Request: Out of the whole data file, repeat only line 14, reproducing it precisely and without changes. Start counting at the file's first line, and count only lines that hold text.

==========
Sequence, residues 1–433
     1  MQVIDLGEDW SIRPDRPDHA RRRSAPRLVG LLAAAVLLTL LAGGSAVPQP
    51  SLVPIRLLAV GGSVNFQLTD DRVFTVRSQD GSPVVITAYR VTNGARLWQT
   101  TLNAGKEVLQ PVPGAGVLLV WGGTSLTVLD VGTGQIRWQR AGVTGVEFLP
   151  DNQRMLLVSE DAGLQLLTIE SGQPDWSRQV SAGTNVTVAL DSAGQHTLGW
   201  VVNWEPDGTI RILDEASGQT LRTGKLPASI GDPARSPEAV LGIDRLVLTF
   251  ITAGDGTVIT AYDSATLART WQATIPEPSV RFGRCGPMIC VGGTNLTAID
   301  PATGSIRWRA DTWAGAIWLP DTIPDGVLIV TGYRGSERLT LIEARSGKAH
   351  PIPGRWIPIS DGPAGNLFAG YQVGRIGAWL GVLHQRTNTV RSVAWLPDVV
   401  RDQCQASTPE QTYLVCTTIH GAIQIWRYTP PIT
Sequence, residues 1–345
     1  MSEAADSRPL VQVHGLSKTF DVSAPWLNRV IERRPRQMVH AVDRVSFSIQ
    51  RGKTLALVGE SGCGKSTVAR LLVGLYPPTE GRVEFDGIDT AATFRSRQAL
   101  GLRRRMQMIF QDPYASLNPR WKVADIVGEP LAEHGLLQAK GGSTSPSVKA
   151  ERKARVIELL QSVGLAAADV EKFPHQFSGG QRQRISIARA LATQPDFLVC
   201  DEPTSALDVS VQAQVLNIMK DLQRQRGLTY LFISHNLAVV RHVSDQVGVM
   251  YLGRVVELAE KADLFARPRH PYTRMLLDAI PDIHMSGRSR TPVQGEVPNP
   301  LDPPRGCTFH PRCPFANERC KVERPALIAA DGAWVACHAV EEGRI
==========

   101  GLRRRMQMIF QDPYASLNPR WKVADIVGEP LAEHGLLQAK GGSTSPSVKA